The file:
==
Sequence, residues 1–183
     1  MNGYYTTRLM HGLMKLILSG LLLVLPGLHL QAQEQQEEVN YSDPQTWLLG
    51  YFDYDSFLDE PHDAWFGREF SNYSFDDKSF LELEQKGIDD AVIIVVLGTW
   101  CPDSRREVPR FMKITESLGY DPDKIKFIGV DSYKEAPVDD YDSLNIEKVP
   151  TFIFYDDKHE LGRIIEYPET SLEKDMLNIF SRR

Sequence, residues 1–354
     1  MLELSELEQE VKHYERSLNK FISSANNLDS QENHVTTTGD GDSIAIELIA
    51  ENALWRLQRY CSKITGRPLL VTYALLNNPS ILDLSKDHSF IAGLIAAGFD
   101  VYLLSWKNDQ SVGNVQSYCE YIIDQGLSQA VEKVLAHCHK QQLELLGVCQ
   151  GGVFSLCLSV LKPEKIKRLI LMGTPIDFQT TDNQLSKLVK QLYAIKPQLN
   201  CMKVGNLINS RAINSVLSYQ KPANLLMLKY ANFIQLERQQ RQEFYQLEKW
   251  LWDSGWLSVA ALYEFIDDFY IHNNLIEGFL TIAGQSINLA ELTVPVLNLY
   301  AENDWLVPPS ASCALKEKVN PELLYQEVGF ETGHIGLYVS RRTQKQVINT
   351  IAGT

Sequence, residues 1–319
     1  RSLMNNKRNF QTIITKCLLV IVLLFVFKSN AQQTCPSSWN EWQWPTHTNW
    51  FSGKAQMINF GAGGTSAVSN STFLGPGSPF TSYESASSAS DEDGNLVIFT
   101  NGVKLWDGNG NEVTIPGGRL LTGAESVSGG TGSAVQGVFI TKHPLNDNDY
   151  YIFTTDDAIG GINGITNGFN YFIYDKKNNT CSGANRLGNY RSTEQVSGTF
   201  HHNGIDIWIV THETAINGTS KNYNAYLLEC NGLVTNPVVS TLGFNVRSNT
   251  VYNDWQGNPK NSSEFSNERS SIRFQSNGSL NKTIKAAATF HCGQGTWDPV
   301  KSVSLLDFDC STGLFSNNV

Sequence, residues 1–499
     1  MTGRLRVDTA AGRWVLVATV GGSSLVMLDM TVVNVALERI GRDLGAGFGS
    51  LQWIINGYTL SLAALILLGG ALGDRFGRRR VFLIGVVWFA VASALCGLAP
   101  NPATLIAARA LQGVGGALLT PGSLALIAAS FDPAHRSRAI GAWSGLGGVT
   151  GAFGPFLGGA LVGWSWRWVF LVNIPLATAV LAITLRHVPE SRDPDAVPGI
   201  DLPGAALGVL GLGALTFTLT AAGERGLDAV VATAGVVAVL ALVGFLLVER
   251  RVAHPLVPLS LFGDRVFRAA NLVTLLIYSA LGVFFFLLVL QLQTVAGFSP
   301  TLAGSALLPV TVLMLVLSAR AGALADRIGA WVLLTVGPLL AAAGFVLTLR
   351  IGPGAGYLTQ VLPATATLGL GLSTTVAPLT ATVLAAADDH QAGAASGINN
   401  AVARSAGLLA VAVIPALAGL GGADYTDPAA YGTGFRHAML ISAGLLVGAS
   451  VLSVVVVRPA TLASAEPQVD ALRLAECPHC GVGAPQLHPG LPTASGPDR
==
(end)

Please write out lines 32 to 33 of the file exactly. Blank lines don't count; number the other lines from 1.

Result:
   401  AVARSAGLLA VAVIPALAGL GGADYTDPAA YGTGFRHAML ISAGLLVGAS
   451  VLSVVVVRPA TLASAEPQVD ALRLAECPHC GVGAPQLHPG LPTASGPDR